One question the OfS are regularly asked is what they have learned over the first four years of operating. The bill that went through parliament saw the OfS as a regulator but the expectation of the OfS from Government appears much broader now, which creates challenges for the OfS and also for the sector in terms of the breadth of areas.
Whilst providers may not be that keen on being regulated, in reality most are doing the things they are supposed to do and regulation is just the assurance mechanism confirming whether they are complying. There is more to do with some providers where oversight, change and intervention is needed and there will be more focus on those providers where there are issues and problems, whether that is about quality, financial sustainability, management, or governance.
Clearly over the last two years the sector has experienced the unprecedented impact of COVID, with the view being that HEIs have handled the issues very well with short term fixes of cost control and delaying capital expenditure. This coupled with a rapid increase in reliance on technology both in terms of teaching online and back office meant that operations continued pretty effectively; although, possibly with hindsight, some providers had to play catch up in terms of technology.
One of the areas that the OfS have always been concerned about is the financial strategies of pretty much all providers to grow. At an individual provider level that sounds perfectly sensible and reasonable and probably achievable but when taking into account that all providers are forecasting the same, it doesn’t feel sustainable although the increase in student demographics helps to a certain extent. So the big question is what happens if the targets set are not achieved, what is plan B, whilst keeping an eye on what competitor institutions are doing and how you are going to react. For some institutions, it won’t be about growing income but looking at the cost base and what is being delivered and perhaps being more focused.
In terms of management information, there is so much data in higher education. So the key is making sure the focus is on the core activities and that the data is available for proper oversight, for example, areas such as dropout rates. Financial information is relatively easy to see and understand, but some of the student related data will be just as important. It is vital for management to keep governors informed and then it is focusing on what are the key and important issues.
With universities so reliant on technology, if something goes wrong it creates huge problems, not just reputational but operationally. Cyber was therefore noted as one of the biggest concerns.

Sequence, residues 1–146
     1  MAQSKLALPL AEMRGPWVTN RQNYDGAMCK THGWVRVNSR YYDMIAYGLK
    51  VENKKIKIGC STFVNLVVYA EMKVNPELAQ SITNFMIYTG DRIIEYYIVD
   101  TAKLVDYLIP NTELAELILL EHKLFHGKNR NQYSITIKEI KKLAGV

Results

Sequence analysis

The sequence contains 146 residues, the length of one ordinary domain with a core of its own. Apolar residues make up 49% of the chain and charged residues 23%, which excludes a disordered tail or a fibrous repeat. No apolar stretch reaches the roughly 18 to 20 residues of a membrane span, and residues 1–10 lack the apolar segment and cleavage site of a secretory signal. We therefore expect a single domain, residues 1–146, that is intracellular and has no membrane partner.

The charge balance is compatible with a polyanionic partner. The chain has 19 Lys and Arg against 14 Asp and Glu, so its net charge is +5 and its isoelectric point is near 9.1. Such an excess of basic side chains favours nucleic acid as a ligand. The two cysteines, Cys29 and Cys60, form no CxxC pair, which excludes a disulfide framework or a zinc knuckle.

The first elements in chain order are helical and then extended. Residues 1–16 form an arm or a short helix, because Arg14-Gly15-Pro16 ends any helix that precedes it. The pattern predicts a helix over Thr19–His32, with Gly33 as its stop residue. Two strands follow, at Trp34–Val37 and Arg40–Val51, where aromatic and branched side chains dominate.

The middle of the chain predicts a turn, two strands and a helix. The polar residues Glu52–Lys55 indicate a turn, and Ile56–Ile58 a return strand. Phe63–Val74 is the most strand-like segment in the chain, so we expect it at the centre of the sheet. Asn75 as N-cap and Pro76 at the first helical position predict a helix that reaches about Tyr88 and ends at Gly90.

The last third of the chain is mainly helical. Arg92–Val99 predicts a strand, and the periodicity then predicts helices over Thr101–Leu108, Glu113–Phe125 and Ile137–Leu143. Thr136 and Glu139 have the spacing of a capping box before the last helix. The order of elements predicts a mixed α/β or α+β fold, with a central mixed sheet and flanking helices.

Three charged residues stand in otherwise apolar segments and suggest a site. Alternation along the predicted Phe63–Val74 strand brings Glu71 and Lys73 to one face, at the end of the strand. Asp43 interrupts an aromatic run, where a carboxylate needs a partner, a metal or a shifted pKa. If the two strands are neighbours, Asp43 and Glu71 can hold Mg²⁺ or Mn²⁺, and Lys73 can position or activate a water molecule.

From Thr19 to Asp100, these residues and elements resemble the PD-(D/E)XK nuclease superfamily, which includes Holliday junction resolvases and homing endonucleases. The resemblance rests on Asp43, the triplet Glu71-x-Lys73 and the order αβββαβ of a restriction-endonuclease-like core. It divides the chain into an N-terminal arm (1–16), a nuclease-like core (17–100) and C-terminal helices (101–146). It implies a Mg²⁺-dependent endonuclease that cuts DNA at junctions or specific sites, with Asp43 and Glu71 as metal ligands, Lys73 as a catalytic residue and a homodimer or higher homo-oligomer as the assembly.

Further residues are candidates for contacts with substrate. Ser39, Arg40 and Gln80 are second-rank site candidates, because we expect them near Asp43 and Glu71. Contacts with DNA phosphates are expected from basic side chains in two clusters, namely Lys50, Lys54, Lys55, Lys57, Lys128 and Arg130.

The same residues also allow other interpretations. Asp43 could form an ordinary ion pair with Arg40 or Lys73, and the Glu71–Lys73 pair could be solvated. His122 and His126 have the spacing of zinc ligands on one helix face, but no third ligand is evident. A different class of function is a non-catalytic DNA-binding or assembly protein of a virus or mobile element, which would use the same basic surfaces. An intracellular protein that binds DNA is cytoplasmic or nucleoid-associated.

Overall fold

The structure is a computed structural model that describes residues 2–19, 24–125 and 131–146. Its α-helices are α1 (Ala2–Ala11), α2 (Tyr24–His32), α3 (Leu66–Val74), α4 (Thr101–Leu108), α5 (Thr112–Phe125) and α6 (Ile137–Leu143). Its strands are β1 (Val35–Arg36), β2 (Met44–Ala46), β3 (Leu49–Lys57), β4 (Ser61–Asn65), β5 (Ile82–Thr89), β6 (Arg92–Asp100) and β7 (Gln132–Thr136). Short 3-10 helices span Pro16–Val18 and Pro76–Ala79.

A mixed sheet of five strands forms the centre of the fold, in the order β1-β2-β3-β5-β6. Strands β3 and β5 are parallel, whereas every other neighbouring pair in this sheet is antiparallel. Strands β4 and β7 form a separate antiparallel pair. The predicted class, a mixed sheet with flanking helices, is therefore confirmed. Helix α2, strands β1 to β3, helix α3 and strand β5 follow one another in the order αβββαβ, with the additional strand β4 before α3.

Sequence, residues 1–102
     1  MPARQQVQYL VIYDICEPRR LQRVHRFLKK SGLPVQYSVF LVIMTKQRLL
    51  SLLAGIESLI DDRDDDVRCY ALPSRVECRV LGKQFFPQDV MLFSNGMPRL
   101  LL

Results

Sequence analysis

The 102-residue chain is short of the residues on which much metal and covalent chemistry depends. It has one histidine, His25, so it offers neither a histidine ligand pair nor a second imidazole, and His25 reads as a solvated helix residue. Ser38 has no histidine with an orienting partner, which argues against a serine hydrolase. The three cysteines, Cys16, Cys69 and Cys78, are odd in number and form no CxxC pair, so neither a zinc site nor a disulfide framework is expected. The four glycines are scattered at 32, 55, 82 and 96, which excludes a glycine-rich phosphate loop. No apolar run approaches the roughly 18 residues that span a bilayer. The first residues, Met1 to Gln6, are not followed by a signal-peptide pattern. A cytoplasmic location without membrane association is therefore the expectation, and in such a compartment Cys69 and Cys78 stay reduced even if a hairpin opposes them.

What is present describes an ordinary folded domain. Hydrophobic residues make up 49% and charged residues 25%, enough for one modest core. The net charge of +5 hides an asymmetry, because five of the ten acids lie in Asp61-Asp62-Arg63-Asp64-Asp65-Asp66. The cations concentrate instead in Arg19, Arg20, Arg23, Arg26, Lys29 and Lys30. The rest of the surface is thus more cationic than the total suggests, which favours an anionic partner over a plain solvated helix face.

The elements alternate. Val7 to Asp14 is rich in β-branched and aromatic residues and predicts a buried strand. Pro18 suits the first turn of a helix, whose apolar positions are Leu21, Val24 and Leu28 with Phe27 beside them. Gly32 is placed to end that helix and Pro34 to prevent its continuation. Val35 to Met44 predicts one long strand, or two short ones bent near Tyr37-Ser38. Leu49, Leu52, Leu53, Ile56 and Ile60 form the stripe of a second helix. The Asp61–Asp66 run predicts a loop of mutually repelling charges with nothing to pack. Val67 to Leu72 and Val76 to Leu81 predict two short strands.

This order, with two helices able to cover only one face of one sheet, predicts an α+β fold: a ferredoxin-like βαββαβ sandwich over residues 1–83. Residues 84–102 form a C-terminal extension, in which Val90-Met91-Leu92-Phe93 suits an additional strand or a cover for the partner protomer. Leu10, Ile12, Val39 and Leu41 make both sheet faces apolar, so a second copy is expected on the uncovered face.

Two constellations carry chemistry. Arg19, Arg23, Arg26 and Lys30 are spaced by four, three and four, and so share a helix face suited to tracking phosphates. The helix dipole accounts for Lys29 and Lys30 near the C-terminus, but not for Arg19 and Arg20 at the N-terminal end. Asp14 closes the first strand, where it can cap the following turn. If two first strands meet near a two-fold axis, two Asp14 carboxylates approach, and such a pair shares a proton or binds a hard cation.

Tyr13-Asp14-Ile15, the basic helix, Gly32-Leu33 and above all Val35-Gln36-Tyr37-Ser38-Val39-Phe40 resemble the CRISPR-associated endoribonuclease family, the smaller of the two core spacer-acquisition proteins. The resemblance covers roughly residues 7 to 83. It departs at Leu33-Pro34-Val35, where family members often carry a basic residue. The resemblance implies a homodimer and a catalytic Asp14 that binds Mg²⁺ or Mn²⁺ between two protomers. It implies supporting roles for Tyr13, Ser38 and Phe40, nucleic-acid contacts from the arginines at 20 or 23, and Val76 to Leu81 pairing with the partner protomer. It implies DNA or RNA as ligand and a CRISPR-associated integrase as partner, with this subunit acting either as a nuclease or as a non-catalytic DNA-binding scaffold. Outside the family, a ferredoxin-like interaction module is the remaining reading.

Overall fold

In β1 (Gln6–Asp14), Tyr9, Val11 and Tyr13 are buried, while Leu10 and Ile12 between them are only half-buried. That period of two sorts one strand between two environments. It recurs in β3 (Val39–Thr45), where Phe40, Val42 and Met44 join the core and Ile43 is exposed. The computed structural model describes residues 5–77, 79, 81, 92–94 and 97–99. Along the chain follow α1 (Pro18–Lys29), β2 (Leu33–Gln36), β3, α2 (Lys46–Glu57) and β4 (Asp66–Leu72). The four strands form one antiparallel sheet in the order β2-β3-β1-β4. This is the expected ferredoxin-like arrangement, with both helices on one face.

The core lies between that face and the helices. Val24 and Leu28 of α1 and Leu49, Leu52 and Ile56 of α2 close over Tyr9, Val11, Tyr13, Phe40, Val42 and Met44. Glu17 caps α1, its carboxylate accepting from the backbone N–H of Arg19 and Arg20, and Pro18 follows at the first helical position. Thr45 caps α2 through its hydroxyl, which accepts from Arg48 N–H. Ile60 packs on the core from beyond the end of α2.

Governing bodies are expected to constructively challenge, asking the simple questions eg what happens if, how do you know? It is also sensible to ensure that they have oversight of an assurance map (linking the assurances to the main risks) including third party assurances tapping into sector experts and networks.
The subject of remunerating Governors was discussed, challenging whether it would make a difference to pay them? Would universities attract a different calibre of people or indeed, do they actually need to do so? Perhaps but it is possibly more marginal than in some other areas because the university sector has a good reputation and that in itself does attract good people. However, it is not an unreasonable request given the amount of effort and energy and work that goes into being a Governor. There is an argument that if you want people who are closer to the students in age then actually compensating for the time must be considered.
One interesting avenue was discussed in terms of younger board members where some universities have formed a direct relationship with the board apprentice program and one has just recruited their second board apprentice having had a very favourable experience with the first.
Our next Higher Education Chair of Audit Committee roundtable will be taking place at 9am on 15 June 2022 where we will be joined by Professor Susan Lea, Vice Chancellor of the University of Hull discussing the Environmental, Social and Governance (ESG) Agenda. Do contact Louise Hughes to reserve your place.